Update: Should You Choose a Fixed- or Variable-Rate Mortgage?June 26, 2023
Mortgage Advice: The Best of Today’s (Lousy) Mortgage-Rate Options?July 10, 2023
On Tuesday, Statistics Canada confirmed that our Consumer Price Index (CPI) rose by 3.4% on an annualized basis in May. This result was well below our rate of 4.4% in April and marked our headline CPI’s lowest rate since June 2021.
While that big drop in headline inflation was welcome news to mortgage borrowers, it had little impact on Government of Canada (GoC) bond yields, which our fixed mortgage rates are priced on, or on the bond market’s prevailing bets on more Bank of Canada (BoC) rate hikes this year.
A closer look at the details shows why:
- The CPI drop was substantial, but it was also widely anticipated (and therefore already priced in).
- Almost all the drop in our May CPI was attributed to base effects, which occur when higher prices from a year ago roll out of our CPI data set (because it tracks prices over the most recent 12 months on a rolling basis).
- Most of the decline was attributed to gas prices, which were 18.9% lower than last spring when they were spiking in response to Russia’s invasion of Ukraine. This disinflationary tailwind won’t last for much longer – gas prices normalized late last summer.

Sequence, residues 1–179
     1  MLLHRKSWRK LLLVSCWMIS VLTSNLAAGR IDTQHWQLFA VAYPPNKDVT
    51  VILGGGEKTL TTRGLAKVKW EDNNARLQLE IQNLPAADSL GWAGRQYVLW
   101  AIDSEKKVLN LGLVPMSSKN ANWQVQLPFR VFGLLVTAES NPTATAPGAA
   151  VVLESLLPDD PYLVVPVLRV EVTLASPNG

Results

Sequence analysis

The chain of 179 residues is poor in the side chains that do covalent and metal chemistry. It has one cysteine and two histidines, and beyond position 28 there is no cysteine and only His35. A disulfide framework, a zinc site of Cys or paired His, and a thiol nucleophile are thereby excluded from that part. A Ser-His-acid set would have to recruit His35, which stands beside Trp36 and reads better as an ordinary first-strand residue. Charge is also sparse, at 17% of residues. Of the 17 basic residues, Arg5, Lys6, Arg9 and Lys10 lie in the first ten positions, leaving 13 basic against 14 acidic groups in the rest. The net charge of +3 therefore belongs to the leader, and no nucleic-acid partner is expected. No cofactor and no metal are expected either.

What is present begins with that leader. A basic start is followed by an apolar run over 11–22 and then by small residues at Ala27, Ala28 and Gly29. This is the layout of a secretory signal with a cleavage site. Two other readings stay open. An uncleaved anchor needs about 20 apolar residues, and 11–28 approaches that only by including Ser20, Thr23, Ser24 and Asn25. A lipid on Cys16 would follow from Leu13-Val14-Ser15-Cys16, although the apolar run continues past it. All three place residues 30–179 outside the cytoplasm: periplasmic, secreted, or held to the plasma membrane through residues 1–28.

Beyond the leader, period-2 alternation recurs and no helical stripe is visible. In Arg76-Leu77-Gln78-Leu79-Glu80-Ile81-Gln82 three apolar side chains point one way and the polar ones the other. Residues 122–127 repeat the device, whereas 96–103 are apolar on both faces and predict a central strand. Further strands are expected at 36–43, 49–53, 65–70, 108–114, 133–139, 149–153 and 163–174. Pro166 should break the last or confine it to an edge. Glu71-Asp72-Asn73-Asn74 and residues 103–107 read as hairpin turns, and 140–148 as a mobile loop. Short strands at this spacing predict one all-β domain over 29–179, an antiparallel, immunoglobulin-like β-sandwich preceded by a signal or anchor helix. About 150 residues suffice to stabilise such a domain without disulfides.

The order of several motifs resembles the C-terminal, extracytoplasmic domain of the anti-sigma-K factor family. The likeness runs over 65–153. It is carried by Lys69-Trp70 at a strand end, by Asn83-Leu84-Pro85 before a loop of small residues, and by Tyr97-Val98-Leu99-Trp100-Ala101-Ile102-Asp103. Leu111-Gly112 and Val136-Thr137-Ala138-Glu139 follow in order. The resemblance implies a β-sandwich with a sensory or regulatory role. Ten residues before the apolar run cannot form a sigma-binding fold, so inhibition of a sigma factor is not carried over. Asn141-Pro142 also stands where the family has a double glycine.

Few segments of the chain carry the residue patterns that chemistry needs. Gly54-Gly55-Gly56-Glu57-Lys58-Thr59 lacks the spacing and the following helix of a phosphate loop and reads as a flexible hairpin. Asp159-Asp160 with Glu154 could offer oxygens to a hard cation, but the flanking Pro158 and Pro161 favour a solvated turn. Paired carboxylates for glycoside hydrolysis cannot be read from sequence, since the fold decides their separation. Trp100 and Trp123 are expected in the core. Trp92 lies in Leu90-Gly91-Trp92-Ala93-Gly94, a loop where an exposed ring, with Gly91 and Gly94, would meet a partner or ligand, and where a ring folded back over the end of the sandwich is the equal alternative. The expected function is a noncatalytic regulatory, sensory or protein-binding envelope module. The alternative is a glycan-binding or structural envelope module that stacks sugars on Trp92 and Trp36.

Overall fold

- Our CPI increased by 0.4% month-over-month (MoM) in May following a 0.7% increase in April. There is still plenty of inflation pressure in the here and now.
- The BoC’s most closely watched measures of core inflation (CPI-trim and CPI-median), which strip out volatile food and energy price inputs and other short-term noise in the data, are still a little below 4%.
Then, on Friday, Stats Can provided our latest GDP data.
After flatlining in April, it is now estimated that our GDP increased by 0.4% MoM in May.
That new surge in growth is another sign of resilience, but there are also reasons to question whether it has a sustainable base:
- Our GDP growth is being boosted by record levels of immigration. Our overall GDP is growing but our GDP per capita, the data that individual Canadians “feel”, is declining.
- Canadian labour productivity has declined for four straight quarters. This raises costs and weakens our competitive position.
- Much of our surprise momentum in May came from the real-estate sector, and most of that likely dissipated in June following the BoC’s surprise rate hike and the dramatic rise in fixed mortgage rates that accompanied it.
- Our GDP is being buoyed by high levels of government deficit spending, which cannot be sustained forever.
Last Friday, the BoC also released the data from its latest Business and Consumer Surveys for the second-quarter 2023.
The latest Business Outlook Survey (BOS) confirmed that businesses “expect weak sales growth” and that many are planning only “modest increases” to their capital expenditures “due to weakened demand prospects.”
That doesn’t portend improving productivity on the horizon.